Counter-arguments for 4 common usability change roadblocks

4 min read
Jennifer Aldrich
  •  Nov 4, 2015
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So you’re getting constant feedback from clients about a specific usability issue. You meet with stakeholders to discuss it, but you hit a wall of resistance: they don’t want to change the problem-causing experience.

As tempting as it is to just tell them they’re being morons, it’s your job as a designer to educate stakeholdersTwitter Logo so they understand why changes need to be made.

“It’s your job as a designer to educate stakeholders.”

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Let’s talk about some counter-arguments you can use to cover 4 of the most common stakeholder roadblocks.Twitter Logo

1. “Our audience is highly technical. They’ll be offended if we dumb down the product.”

Lesson: Improving usability isn’t equivalent to dumbing down a product.Twitter Logo

Counter-argument: “I totally agree that our audience is highly technical. They’ll appreciate us making a change that will save them time and allow them to do less work to accomplish this task.”

2. “It’s always been this way.”

Lesson: Clinging to too many legacy features can sink a product.

Counter-argument: “We definitely need to respect our legacy customers—their support is what helped us build this product/company. That being said, they came onboard with us because of our innovative solutions to the problems they were facing. We definitely want to make sure we’re continuing to move down that path to give them the best possible experience.”

“Clinging to too many legacy features can sink a product.”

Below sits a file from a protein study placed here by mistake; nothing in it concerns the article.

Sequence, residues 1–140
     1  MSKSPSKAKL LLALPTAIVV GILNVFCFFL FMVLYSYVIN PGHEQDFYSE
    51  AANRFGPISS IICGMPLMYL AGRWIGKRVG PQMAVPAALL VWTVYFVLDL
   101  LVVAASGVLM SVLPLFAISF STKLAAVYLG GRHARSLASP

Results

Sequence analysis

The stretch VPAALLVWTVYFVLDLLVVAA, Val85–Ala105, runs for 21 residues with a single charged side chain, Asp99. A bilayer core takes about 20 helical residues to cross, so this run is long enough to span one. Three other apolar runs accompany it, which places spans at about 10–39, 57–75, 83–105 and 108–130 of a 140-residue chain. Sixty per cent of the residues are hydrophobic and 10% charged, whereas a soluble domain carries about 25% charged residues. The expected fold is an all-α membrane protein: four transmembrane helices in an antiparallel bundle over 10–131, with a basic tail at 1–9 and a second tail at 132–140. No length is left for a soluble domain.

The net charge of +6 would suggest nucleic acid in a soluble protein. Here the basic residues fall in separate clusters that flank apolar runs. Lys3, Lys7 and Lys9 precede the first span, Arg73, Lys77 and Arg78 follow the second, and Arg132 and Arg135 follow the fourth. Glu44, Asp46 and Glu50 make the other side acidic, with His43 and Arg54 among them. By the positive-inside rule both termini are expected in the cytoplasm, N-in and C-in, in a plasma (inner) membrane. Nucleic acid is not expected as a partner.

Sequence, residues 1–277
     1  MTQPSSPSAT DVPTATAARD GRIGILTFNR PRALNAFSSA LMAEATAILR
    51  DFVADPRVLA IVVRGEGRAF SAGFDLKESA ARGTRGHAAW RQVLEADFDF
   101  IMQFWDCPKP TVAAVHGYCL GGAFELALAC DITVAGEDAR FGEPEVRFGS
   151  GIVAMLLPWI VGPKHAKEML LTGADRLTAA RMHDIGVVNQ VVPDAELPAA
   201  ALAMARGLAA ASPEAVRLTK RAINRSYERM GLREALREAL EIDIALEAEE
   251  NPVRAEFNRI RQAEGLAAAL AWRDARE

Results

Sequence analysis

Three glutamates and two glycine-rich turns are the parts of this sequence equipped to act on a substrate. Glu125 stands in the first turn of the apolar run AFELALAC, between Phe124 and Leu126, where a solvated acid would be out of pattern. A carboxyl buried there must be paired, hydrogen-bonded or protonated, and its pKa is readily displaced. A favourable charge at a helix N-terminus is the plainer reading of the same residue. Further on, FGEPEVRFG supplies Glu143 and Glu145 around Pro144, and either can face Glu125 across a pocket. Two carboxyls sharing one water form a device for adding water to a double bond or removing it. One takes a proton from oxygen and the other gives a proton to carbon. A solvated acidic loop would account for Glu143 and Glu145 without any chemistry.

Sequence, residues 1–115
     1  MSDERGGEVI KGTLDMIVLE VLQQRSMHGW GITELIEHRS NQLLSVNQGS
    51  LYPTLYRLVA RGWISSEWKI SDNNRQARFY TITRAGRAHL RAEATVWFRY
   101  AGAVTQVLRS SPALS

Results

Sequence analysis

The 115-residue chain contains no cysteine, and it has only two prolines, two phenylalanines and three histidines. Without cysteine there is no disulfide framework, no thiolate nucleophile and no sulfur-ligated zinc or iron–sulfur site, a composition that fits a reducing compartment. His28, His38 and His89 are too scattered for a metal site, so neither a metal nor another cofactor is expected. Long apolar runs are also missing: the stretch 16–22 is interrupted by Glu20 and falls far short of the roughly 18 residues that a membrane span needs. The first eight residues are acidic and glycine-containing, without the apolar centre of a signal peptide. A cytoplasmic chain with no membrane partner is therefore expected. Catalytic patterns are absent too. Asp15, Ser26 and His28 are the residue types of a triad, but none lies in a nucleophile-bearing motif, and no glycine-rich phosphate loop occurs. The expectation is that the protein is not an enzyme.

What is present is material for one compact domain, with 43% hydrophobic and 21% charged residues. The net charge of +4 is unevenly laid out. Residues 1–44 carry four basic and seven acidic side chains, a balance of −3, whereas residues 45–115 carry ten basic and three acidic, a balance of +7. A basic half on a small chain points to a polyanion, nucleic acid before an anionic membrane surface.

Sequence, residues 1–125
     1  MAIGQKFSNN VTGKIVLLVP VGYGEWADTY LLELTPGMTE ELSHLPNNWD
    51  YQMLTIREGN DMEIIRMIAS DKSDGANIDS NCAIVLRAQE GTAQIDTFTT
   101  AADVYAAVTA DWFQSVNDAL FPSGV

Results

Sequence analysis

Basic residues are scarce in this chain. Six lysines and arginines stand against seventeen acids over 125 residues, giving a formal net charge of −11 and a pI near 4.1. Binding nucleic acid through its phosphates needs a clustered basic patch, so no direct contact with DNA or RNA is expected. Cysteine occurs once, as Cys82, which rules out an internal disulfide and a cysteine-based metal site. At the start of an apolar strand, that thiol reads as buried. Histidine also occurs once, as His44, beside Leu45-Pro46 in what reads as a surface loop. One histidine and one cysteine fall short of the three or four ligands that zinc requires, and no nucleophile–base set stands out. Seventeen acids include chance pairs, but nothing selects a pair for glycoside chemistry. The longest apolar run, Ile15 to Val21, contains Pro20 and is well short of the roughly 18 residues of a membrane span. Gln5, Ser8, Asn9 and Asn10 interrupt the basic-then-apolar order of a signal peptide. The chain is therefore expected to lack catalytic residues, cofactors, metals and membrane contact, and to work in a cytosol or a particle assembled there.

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3. “I like it like this.”

Lesson: You are not your users.Twitter Logo

Counter-argument: “Unfortunately, some of our customers aren’t quite as tech-savvy as you are, and they’re really struggling with this.”

4. “It’s consistent with the rest of the product.”

Lesson: The product shouldn’t be consistently bad.

Counter-argument: “Customers love our product. This is one of the few areas that are causing them stress, and it’s distracting people from our other great product features.”


At the end of the day, we need to remember that it’s our job to educate stakeholders about the reasons things need to change, because it’s also our job to advocate for the users. As non-designers, stakeholders might not understand the impact that something as small as a button placement can make on a task flow.

Don’t take stakeholders’ ignorant comments as a personal attack—use them as an opportunity to drop some knowledge.

Header photo by Matthew Fern. Creative Commons Attribution ShareAlike 2.0 Generic.

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